Monday 21 May 2018

'He knew what he signed up for' - Trump branded 'insensitive' after comments to war widow

Sgt. La David T Johnson, 25, who was killed with three other US soldiers in southwest Niger. Photo: Getty Images
Sgt. La David T Johnson, 25, who was killed with three other US soldiers in southwest Niger. Photo: Getty Images

Chris Graham

US President Donald Trump has been branded "insensitive" after reportedly telling the widow of a soldier killed in north-western Africa that "he knew what he signed up for".

The US president, who has been criticised for not immediately reaching out to relatives of the four soldiers killed in Niger nearly two weeks ago, telephoned the wife of Army Sgt La David Johnson (below) on Tuesday to offer his condolences.

Congresswoman Frederica Wilson told CNN she was travelling with Myeshia Johnson on the way to Miami International Airport to see his casket arrive home when the president called.

She said Mr Trump told Mrs Johnson: "Well I guess he knew what he signed up for. But when it happens, it hurts anyway."

"They were astonished," Ms Wilson told the 'New York Post'. "It was almost like saying, 'You signed up to do this, and if you didn't want to die, you shouldn't have signed up'."

The Democratic congresswoman from Florida said the call lasted about three to five minutes and the only words that the widow spoke to Mr Trump were "thank you" at the end.

"It's so insensitive. He should not have said that. He shouldn't have said it," Ms Wilson told reporters.

She later tweeted: "Sgt La David Johnson is a hero. Donald Trump does not possess the character, empathy or grace to be president of the United States."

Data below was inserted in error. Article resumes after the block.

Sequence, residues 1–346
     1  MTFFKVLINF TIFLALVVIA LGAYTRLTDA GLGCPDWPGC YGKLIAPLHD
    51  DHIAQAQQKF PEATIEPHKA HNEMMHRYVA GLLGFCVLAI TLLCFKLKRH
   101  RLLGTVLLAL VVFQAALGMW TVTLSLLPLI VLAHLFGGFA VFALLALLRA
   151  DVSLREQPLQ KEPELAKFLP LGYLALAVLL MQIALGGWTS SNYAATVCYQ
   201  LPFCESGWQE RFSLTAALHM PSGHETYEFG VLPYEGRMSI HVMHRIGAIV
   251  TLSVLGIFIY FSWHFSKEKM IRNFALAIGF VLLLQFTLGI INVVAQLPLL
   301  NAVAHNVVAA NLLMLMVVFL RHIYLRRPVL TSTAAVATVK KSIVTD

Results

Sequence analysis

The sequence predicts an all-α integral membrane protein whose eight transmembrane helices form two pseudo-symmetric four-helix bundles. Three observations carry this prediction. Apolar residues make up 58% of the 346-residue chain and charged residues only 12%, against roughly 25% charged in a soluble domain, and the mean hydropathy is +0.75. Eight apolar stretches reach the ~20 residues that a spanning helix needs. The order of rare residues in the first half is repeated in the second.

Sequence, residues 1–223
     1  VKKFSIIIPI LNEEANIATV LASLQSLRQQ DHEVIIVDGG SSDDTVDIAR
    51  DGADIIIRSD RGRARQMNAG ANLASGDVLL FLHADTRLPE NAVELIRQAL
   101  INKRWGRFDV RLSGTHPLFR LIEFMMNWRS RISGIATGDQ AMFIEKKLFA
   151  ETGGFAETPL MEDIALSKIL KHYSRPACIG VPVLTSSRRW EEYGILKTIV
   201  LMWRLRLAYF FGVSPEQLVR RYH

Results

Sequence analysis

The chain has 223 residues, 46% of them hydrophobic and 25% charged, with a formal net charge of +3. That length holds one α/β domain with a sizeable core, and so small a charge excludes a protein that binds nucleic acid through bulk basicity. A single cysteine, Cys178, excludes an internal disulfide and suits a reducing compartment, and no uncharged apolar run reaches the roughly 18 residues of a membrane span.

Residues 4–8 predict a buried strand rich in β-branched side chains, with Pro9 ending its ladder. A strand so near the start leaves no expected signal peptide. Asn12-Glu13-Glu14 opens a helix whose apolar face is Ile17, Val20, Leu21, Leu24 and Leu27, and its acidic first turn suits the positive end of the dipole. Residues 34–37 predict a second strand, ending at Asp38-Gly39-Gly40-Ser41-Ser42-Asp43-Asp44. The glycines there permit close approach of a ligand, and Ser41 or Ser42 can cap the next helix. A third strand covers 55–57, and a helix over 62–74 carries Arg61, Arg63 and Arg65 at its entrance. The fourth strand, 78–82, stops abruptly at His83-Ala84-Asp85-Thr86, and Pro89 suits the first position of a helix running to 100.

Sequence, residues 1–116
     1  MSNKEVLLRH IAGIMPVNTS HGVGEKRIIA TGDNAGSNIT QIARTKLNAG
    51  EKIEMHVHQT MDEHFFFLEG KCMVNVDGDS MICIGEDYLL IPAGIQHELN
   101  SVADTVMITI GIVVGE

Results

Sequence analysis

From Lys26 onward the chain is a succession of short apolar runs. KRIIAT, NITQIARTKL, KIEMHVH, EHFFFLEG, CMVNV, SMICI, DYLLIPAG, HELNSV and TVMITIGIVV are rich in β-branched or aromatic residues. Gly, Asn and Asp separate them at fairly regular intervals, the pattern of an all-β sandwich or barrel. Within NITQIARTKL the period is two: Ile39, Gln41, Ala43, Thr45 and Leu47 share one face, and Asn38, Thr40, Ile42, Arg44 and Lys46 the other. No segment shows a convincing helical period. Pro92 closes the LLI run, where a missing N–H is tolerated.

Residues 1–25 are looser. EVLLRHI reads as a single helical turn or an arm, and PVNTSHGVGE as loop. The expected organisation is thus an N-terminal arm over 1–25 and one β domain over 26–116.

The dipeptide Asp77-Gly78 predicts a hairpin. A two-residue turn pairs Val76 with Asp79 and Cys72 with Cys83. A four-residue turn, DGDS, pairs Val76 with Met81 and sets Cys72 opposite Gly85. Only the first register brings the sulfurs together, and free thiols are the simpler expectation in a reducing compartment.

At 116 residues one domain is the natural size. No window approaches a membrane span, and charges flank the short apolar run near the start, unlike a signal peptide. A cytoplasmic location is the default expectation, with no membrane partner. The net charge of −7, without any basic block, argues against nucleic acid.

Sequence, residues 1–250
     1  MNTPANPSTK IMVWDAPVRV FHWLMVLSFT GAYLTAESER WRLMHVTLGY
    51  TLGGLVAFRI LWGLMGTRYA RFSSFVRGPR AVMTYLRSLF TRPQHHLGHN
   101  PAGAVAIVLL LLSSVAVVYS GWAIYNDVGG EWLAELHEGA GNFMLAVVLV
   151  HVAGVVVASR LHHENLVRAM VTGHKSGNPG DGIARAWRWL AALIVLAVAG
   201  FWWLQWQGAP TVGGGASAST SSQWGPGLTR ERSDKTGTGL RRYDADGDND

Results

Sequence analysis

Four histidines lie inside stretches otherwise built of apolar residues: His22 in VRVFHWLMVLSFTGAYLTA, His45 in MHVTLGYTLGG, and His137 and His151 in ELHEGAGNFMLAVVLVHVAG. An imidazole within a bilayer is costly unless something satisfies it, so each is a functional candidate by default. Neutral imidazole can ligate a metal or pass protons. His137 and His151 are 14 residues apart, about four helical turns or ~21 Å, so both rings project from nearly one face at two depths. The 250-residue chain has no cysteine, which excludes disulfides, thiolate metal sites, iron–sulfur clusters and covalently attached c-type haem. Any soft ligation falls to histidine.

Mrs Johnson has a two-year-old son, a six-year-old daughter, and is expecting a third child in January.

Footage showed the casket arriving at the airport, draped in the American flag. Mrs Johnson can be seen leaning over it, her body shaking as she sobbed.

The president has been embroiled in a political fight over his response to the deaths of American soldiers.

Defending his record of contacting relatives of slain American soldiers, he said: "If you look at President Obama and other presidents, most of them didn't make calls. A lot of them didn't make calls.

"I like to call when it's appropriate, when I think I'm able to do it."

The comment triggered an immediate backlash, with the US president later softening his claim when challenged a second time.

Mr Trump fuelled the row further on Tuesday on Fox News Radio, saying: "You could ask General Kelly, did he get a call from Obama?"

John Kelly, a Marine general under Obama, is Mr Trump's chief of staff. His son, Marine 2nd Lt Robert Kelly, was killed in Afghanistan in 2010.

A White House official said Mr Obama did not call Mr Kelly after his son's death, but did not say whether the former president reached out in some other fashion.

Separately yesterday, Mr Trump backed away from a bipartisan deal from two US senators to stabilise Obamacare by restoring subsidies to health insurers, one day after signalling his support for the plan.

The agreement reached by Republican Senator Lamar Alexander and Democratic Senator Patty Murray would continue billions of dollars of subsidies to insurers for two years to help lower-income Americans obtain medical coverage.

Mr Trump last week announced that he would end the subsidies, potentially creating chaos in the 2018 health insurance markets set up under Obamacare.

Meanwhile, a second US federal judge has blocked Mr Trump's latest effort to restrict citizens from eight countries from entering the United States, dealing another legal blow to the administration's third bid to impose travel restrictions.

US District Judge Theodore Chuang in Maryland, in a ruling filed overnight, said the plaintiffs challenging the policy were likely to succeed in proving that it violated the non-discrimination law "to the extent that it bars entry by immigrants on the basis of nationality".

Mr Trump's bid would have taken effect this week, but was blocked on ­Tuesday by a US federal judge in ­Hawaii in a ­separate challenge.

Irish Independent

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